GRAPHICS: China economy/trade China PMI, industrial output

VIDEO: China's factories fizzle ahead of Lunar New Year holiday:



Chinese leaders have pledged to push reforms to unleash new growth drivers as the world's second-largest economy loses steam, burdened by industrial overcapacity, piles of debt and soaring house prices.

That means reducing government intervention to allow market forces to have a bigger say in allocating resources, and promoting domestic consumption at the expense of investment and exports.

China's annual economic growth slowed to 7.7 percent in the fourth quarter of 2013 from 7.8 percent in the previous quarter, putting full-year growth at 7.7 percent, slightly ahead of the government's target of 7.5 percent.

While the economy narrowly missed expectations for full-year growth to fall to a 14-year low in 2013, some economists say a further cooldown will be inevitable this year as officials hunker down for difficult reforms.

Still, most economists believe the slowdown will be modest and expect 2014 full-year growth will be between 7 percent and 7.5 percent.

Sources with top think-tanks have said the government likely will stick with the 7.5 percent target this year, indicating the leadership is still keen to keep the economy on an even keel as they push reforms.

Premier Li Keqiang said in a written address to the World Economic Forum in Davos that China will continue to deepen reforms and maintain steady economic growth this year, and also take more forceful measures to boost employment.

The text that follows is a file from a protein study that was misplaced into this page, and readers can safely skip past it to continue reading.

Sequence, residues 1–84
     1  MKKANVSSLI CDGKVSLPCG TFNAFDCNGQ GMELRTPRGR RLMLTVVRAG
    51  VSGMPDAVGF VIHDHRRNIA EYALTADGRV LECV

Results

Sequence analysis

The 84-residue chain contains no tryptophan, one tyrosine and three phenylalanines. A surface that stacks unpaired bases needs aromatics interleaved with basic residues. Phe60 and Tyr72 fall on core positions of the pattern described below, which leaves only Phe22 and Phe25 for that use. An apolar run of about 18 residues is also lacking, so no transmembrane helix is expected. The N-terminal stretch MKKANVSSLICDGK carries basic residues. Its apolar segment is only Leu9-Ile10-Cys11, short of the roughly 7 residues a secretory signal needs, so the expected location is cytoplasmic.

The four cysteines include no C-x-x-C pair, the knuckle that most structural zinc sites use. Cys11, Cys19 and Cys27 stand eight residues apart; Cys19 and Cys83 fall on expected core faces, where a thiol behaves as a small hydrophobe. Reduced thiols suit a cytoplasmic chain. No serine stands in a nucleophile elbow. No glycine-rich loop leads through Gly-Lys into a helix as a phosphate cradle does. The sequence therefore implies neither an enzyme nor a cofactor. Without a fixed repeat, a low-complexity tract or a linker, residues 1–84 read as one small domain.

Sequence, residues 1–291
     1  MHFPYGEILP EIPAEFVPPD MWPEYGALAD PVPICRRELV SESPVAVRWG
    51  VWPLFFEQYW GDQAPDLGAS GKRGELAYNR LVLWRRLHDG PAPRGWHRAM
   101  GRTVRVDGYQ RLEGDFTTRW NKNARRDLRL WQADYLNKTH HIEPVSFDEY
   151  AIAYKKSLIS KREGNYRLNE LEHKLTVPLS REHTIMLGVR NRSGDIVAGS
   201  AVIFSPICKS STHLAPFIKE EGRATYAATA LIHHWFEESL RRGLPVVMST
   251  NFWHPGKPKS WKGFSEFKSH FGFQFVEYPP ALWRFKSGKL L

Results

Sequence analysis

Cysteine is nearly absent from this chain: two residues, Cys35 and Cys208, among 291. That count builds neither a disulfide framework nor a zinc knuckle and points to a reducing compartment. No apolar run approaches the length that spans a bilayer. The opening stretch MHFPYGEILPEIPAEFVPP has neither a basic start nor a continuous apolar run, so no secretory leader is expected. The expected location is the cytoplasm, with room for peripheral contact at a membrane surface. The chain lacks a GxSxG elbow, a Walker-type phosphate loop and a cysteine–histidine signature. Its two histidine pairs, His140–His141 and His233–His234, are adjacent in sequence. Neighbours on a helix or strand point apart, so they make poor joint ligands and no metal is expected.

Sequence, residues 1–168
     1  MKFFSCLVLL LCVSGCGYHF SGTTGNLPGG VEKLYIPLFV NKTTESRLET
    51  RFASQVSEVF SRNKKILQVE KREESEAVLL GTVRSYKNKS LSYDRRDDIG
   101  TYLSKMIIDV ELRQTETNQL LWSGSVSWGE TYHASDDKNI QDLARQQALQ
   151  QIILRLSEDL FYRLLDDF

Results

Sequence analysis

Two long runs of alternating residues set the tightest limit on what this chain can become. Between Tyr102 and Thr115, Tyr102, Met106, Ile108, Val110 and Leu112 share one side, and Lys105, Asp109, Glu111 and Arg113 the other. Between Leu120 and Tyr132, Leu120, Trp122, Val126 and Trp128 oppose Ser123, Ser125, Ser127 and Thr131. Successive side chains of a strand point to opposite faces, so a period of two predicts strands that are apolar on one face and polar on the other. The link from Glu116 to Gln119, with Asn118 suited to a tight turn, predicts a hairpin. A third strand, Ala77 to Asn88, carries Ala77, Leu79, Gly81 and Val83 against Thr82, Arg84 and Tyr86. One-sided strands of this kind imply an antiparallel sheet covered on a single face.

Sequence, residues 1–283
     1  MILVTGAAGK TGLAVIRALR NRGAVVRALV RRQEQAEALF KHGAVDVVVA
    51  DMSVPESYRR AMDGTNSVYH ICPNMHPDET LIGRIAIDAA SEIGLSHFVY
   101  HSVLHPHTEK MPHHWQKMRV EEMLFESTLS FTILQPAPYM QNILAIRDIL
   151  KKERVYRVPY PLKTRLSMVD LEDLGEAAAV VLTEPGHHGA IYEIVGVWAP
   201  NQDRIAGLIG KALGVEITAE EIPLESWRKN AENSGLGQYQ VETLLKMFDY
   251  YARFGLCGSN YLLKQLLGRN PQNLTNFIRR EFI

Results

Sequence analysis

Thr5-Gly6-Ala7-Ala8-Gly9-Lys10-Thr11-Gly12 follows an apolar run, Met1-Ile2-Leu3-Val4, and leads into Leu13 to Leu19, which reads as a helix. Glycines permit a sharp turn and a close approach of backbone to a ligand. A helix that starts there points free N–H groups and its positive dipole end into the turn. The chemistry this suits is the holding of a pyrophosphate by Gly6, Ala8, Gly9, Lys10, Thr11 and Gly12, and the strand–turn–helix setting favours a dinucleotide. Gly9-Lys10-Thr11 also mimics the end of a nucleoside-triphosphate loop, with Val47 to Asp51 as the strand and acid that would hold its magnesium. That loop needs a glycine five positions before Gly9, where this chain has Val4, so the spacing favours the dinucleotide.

The HSBC/Markit PMI is more weighted towards smaller and private companies than the official one, which contains more large and state-owned firms.

The final HSBC/Markit manufacturing PMI for January is due on January 30 and the official manufacturing PMI is set for release on February 1.

(Reporting by Jonathan Standing and Kevin Yao; Editing by Kim Coghill)

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Comments (3)
Jingan wrote:
Which genius estimates orders at the end of Chinese lunar year? No one places any orders before Chinese New Year…it is bad luck. So many years in Business, Reuters and still using interns form New Jersey high schools to write quasi news??? Shame on you.

Jan 23, 2014 12:21am EST  --  Report as abuse
Jingan wrote:
Which genius estimates orders at the end of Chinese lunar year? No one places any orders before Chinese New Year…it is bad luck. So many years in Business, Reuters and still using interns form New Jersey high schools to write quasi news??? Shame on you.

Jan 23, 2014 12:21am EST  --  Report as abuse
Grounded wrote:
The real situation is that China massively contracted in 2012. This lead to a massive stimulus initiative by the U.S. and many many others. The devastation that we are about to see to the global economy due to the Chinese transition in preparation for war actually occurred over a year ago. The effects have been held off by huge stimulus, currency manipulation, and subsidies. The bad news is that there has been no real efforts to reform or deal with the already bad global economic situation, instead, there has been a military deployment and build up of the likes we have not seen since WWII. The stimulus and currency manipulations have held off this coming war for about as long as it can, and has been done in line with the great preparations for war. This can not be countered, and when the economic facade falls away there will be nothing to hold off war. This is, quite literally the most complex initiative. The developments are very polarized. We are in the beginning of world war 3.

Jan 23, 2014 2:11am EST  --  Report as abuse